The age of wealth accumulation is over
Roughly four decades ago, America kicked off the developed world’s last major economic paradigm shift — the supply side revolution.
Capital gains taxes were slashed. President Ronald Reagan and UK prime minister Margaret Thatcher took on air traffic controllers and coal miners. The power of unions faded and that of corporations grew. Some people got very rich. But inequality rose, and eventually, overall trend growth slowed.
Watching the Democratic presidential primary debates last week, I couldn’t help but think that we may be witnessing the next great shift, from an era of wealth accumulation to one of wealth distribution. Moderates like Joe Biden and John Delaney tried to argue for middle of the road answers on issues like healthcare and trade.
But the pole positions were set by Bernie Sanders and Elizabeth Warren, who hold similar views on everything from shifting Americans on to a national healthcare system and relief for indebted students. Both also seek higher taxes for the wealthy and tougher rules for corporations.
While little of this would seem radical in many other parts of the world, in the context of US politics, it was truly something new. The set point for economic debates, even for Democrats, used to be how the government could help the markets work better. Now it’s how the public sector can rein them in, and slicing the economic pie more fairly.
What’s more, it’s not only Democrats. Some Republicans are looking for a paradigm shift as well. Marco Rubio, an influential Republican senator who hopes to be president someday, recently put out a paper on the problems with shareholder capitalism and the merits of industrial policy.
The signs of this new post-supply side era are all around us. Witness the rise of the B-corporations, which balance purpose and profit, and the growth of investing based on environmental, social and governance factors.
In government, note the growing bipartisan enthusiasm for tougher antitrust scrutiny and calls for trade protection, as well as efforts to politicise the US Federal Reserve. It’s not just President Donald Trump’s tweet seeking rate cuts but also progressive Democrats who see “modern monetary policy” as a way to pay for their priorities without having to fund them through tax rises agreed upon by Congress.
These views are increasingly part of the mainstream. Last week, two senators introduced a bipartisan bill that would force the Fed to devalue the dollar in order to boost exports and balance current accounts with China.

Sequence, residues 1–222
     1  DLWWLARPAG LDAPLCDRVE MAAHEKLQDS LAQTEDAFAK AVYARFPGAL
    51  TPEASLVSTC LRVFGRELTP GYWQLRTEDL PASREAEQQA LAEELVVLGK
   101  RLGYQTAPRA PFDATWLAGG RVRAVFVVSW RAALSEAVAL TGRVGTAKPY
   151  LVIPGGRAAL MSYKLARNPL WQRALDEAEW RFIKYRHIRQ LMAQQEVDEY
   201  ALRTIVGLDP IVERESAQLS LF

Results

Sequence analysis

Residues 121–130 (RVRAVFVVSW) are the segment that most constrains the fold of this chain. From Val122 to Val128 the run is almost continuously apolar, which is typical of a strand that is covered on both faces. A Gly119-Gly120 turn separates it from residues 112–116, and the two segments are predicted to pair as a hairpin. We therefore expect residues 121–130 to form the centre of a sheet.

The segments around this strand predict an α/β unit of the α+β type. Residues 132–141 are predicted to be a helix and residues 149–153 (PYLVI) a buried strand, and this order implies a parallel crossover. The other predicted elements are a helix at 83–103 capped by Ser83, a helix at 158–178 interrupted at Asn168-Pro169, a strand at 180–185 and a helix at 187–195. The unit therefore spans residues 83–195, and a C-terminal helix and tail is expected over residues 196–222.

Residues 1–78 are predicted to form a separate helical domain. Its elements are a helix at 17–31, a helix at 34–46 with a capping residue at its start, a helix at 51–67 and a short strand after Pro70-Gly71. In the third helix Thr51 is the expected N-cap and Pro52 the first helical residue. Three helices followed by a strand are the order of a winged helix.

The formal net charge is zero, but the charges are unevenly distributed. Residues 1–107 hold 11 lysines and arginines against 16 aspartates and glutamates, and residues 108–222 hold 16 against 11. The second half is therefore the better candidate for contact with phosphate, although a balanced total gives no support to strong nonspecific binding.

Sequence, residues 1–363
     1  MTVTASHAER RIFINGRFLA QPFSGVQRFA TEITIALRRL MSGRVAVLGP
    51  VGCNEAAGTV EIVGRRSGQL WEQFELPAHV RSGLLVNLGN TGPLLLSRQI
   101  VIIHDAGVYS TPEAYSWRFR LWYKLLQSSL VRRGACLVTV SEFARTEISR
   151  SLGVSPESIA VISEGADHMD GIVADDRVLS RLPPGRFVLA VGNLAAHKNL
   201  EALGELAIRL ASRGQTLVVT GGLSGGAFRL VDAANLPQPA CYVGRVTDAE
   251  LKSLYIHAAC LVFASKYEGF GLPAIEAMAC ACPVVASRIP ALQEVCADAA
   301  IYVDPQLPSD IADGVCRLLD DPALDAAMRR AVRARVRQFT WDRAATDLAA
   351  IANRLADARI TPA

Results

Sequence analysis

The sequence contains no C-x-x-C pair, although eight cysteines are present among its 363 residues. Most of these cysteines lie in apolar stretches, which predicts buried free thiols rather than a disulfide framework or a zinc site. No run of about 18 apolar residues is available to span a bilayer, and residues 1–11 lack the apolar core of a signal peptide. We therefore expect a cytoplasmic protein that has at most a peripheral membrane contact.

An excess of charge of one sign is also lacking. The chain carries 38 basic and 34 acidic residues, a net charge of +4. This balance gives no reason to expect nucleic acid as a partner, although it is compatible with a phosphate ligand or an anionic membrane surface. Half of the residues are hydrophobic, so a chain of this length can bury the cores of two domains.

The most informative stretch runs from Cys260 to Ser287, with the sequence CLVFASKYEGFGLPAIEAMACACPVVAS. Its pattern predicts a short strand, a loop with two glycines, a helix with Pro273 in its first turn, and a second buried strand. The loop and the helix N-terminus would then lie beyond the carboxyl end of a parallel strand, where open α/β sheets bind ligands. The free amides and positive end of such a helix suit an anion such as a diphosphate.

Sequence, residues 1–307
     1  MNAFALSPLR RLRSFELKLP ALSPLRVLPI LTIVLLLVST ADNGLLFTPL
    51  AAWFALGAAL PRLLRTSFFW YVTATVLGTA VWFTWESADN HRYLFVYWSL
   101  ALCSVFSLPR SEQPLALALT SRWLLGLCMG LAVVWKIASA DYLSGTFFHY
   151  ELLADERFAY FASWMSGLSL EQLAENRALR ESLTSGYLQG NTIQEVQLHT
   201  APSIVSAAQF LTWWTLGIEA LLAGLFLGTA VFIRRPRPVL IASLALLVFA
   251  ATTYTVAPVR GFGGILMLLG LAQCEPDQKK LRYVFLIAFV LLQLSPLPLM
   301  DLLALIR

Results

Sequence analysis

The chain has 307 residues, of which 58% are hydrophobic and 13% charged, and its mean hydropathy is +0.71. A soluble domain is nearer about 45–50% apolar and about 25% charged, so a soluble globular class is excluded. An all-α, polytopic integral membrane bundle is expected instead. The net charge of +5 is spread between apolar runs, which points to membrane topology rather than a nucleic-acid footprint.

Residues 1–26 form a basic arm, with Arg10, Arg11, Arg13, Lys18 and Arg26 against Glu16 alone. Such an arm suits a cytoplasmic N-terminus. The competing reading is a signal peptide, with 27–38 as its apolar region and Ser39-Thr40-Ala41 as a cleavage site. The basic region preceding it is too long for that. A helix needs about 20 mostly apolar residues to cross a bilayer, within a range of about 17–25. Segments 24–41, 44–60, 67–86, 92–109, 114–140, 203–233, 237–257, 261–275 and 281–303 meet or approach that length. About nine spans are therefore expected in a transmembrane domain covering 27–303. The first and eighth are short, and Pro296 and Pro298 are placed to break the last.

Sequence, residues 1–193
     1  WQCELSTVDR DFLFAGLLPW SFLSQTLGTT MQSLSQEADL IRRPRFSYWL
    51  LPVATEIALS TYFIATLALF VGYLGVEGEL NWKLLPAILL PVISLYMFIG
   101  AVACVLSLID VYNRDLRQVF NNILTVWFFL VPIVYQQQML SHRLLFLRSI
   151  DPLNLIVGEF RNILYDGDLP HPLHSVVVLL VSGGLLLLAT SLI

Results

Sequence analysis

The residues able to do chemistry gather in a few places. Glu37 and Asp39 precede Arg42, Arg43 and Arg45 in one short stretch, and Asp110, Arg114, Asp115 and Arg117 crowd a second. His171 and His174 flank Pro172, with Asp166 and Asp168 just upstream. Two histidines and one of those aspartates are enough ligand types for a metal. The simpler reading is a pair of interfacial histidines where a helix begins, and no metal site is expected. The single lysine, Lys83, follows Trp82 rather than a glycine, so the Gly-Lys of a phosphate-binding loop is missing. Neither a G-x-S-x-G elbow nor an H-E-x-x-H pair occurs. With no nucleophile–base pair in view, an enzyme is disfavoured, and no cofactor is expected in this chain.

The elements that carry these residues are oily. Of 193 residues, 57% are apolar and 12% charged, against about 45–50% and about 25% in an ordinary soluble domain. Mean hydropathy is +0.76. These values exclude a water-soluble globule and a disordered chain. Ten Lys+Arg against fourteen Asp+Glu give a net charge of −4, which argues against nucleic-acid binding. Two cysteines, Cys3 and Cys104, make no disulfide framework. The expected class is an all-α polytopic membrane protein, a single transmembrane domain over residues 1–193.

This isn’t passing populism, but something much bigger, argues Kiril Sokoloff, founder of 13D Global Strategy & Research, who has been ahead on recognising previous turning points, from supply side economics and the slowing inflation that began in the early 1980s, to the rise of China and the spread of smartphones. “What we’re about to see is a backlash against the second gilded era, and it will have a massive impact on the world — and the markets.”
One likely impact will be fundamental changes in who holds wealth. The Democratic race reflects the growing conflict between two primary US voting groups — the baby boomers, represented by candidates like Mr Biden, and the millennials, who backed Mr Sanders in 2016, and now like him and younger candidates such as Pete Buttigieg. A decade of loose monetary policy has benefited the former, who have seen their assets appreciate, at the expense of the latter, who cannot afford to get on the housing ladder.
One of the big political battles will be over who gets what share of what looks to be a slower growing pie in what appears to be a slower growth economy.
Another battle will be between capital and labour. Rising wages are taking a bite out of US corporate profit margins and, frankly, they should. When consumer spending makes up 70 per cent of the economy, we need a bit of wage inflation to ensure that people have money to spend. That’s particularly true at a time when governments aren’t investing, and the shift from a tangible to an intangible economy has led to decreased private sector capital expenditure.
But it has taken trillions of dollars in unconventional monetary policy to cook up relatively small wage increases. And for many Americans the gains are immediately eaten up by increases in healthcare premiums or prescription drug prices, two other hot topics on the campaign trail. That’s one of the reasons there’s now broad support for higher taxes on the wealthiest.
It remains to be seen when and what form tax rises will take. But the age of wealth distribution is coming and will have major investment consequences. The value of US equities has probably peaked, and hard assets like gold, other commodities, housing, even art — anything in fixed supply — may benefit relative to the equity and debt of multinational companies.
This isn’t the end of the world — we’ve been going through cycles of wealth accumulation and distribution forever. But it does mean that the rules of the road for investors are changing. Some asset prices may fall, but it’s possible income growth will be higher. That would come with an upside of its own, economically and politically.